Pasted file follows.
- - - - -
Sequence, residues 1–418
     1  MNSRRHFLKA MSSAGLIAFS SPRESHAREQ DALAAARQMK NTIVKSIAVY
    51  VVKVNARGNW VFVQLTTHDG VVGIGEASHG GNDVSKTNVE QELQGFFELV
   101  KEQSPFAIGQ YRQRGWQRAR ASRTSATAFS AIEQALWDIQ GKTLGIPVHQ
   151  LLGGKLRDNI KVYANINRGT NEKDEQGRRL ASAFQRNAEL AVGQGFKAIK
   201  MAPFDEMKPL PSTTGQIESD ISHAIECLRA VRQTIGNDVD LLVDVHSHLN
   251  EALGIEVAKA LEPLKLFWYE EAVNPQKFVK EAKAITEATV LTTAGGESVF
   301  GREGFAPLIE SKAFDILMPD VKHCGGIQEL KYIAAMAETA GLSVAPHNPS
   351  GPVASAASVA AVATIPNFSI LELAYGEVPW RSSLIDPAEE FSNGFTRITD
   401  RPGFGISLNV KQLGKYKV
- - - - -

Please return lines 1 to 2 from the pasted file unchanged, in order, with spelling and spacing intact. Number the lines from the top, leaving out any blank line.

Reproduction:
Sequence, residues 1–418
     1  MNSRRHFLKA MSSAGLIAFS SPRESHAREQ DALAAARQMK NTIVKSIAVY